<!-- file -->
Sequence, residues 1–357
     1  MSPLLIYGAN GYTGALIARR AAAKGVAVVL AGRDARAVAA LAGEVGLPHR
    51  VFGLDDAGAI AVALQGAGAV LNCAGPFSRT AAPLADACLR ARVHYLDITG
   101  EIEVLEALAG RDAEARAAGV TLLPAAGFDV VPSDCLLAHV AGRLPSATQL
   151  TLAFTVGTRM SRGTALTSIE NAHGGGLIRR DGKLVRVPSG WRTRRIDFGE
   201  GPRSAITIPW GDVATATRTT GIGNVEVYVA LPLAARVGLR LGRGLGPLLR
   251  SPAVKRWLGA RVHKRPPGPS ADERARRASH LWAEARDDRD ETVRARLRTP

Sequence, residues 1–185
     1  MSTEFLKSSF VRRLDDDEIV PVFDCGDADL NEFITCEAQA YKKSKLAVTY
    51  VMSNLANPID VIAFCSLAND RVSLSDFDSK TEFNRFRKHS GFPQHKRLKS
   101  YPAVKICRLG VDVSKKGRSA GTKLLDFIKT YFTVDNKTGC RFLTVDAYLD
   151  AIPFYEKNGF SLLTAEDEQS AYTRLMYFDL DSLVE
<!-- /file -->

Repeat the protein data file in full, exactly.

Sequence, residues 1–357
     1  MSPLLIYGAN GYTGALIARR AAAKGVAVVL AGRDARAVAA LAGEVGLPHR
    51  VFGLDDAGAI AVALQGAGAV LNCAGPFSRT AAPLADACLR ARVHYLDITG
   101  EIEVLEALAG RDAEARAAGV TLLPAAGFDV VPSDCLLAHV AGRLPSATQL
   151  TLAFTVGTRM SRGTALTSIE NAHGGGLIRR DGKLVRVPSG WRTRRIDFGE
   201  GPRSAITIPW GDVATATRTT GIGNVEVYVA LPLAARVGLR LGRGLGPLLR
   251  SPAVKRWLGA RVHKRPPGPS ADERARRASH LWAEARDDRD ETVRARLRTP

Sequence, residues 1–185
     1  MSTEFLKSSF VRRLDDDEIV PVFDCGDADL NEFITCEAQA YKKSKLAVTY
    51  VMSNLANPID VIAFCSLAND RVSLSDFDSK TEFNRFRKHS GFPQHKRLKS
   101  YPAVKICRLG VDVSKKGRSA GTKLLDFIKT YFTVDNKTGC RFLTVDAYLD
   151  AIPFYEKNGF SLLTAEDEQS AYTRLMYFDL DSLVE